Leap Seconds. Will our Understanding of Time Change in 2015?

No matter what programming language we choose, we programmers all share one big misery: Having to deal with calendars. We all get it wrong dozens of times in our working lives. And when we think we finally understood calenders, we get taught better. While some take the time to delve into the misteries of calendars, others are faced with this situation:

Found here: http://de.reddit.com/r/funny/comments/1dxec2/at_some_point_all_programmers_will_experience_this/

Google “programming” and “calendars”, and you’ll find lots of interesting discussions, such as:

In 2015, things might change (again). Here’s an interesting article about what would happen if we stopped coupling our calendars to our earth, moon, and sun – a programmer’s dream! Enjoy…

4 thoughts on “Leap Seconds. Will our Understanding of Time Change in 2015?

  1. A big part of the problem is not having libraries which properly handle calendars. I understand calendars, but have yet to use a common library, for any language, which actually implements them correctly. There’s inevitably bits always missing: UTC formatting/parsing, timezone conversion, time deltas, etc.

  2. Some years ago a new business mobile phone was introduced in Hungary. It had calendar synchronization with Outlook. In the phone setup there was no Budapest time zone, but there were many different GMT+1 (sic) time zones so we decided that the closest capital to Budapest in the list was Belgrade.

    Sometime in spring a lot of service calls came: the meetings were one hour off on the phone as on Outlook desktop application. We invested man days if not weeks to investigate the problem to no avail. After two weeks the problem disappeared. We faced the same nightmare during fall.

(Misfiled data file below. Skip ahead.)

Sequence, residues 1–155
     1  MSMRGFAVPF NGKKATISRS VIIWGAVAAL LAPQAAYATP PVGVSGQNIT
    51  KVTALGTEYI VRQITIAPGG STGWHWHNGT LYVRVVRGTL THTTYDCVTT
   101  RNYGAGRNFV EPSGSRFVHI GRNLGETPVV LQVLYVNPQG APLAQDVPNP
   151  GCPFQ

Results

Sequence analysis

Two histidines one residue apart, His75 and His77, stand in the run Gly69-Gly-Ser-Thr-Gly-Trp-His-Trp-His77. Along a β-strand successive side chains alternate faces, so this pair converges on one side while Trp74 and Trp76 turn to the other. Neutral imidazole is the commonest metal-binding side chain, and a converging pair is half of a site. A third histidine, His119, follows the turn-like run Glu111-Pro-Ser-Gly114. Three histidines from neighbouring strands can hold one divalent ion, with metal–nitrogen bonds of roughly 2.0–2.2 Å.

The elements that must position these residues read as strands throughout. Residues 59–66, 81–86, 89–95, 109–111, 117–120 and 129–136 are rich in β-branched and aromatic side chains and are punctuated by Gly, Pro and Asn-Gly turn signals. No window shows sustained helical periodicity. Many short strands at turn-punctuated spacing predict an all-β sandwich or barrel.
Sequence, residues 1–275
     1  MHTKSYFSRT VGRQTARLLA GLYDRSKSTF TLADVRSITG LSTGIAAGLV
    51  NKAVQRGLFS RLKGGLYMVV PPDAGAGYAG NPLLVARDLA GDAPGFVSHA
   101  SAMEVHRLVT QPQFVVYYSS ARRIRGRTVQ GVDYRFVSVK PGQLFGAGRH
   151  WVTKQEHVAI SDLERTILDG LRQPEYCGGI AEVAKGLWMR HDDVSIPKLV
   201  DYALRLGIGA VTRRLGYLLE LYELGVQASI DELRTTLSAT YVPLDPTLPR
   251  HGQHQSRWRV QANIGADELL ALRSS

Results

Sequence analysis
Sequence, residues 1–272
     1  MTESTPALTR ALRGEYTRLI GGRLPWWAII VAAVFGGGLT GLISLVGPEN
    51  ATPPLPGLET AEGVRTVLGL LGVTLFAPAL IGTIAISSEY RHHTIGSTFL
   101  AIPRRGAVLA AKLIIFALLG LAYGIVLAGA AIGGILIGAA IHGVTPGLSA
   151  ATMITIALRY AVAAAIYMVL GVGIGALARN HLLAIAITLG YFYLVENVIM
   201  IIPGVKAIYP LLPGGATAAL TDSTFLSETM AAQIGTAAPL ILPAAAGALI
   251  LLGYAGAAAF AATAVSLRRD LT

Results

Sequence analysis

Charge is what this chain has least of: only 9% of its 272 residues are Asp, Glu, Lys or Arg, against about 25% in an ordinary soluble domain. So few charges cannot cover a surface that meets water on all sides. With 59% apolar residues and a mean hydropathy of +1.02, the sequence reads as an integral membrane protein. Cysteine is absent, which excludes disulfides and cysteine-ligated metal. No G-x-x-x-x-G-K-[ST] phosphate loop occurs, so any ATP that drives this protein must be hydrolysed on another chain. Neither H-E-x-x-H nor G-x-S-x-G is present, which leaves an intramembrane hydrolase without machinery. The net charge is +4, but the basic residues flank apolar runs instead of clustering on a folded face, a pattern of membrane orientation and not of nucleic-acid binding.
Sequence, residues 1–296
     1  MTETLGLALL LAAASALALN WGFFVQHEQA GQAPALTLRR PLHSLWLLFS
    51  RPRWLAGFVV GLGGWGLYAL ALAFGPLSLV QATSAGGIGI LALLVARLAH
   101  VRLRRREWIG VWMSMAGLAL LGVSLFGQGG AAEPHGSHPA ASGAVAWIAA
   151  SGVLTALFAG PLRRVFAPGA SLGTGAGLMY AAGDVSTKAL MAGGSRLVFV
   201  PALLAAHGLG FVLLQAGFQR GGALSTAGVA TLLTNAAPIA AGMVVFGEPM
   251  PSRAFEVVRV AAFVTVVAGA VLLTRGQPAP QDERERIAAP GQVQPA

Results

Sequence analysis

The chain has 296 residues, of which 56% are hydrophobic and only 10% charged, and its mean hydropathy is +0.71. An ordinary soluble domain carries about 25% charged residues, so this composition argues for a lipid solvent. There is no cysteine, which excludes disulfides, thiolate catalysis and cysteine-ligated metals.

It was the next year only when we realized that the time zone change from summer time to winter and the other way around was not performed the same day in Serbia as in Hungary. The solution was to use the time zone named Berlin in the configuration of the phone.

    The next summer/winter time change was already having a version of the firmware that included Budapest with its “own” time zone.

    1. Hah, thanks for sharing! Yeah, that sounds familiar! :-)

      I was once looking for missing banking transactions in a report, of an ominous October 31, 2004. They were missing only on that day. Only in that year. Not on a subsequent month, not in any other year. It struck me like lightning that:

      • October 31, 2004 was a Sunday
      • It was when CEST shifts to CET
      • It was the end of the month
      • The SQL predicate range to include monthly transactions went from the first of the month until the TRUNC(last of the month + 24h)

      Duh. October 31, 2004 had 25h which made the filter exclude the entire day. Only on that day. Only in that year. Not in any other year (when the shift from CEST to CET was earlier in Switzerland). And it was a Sunday, so only few banking transactions were generated, so it took a long time to be noticed…

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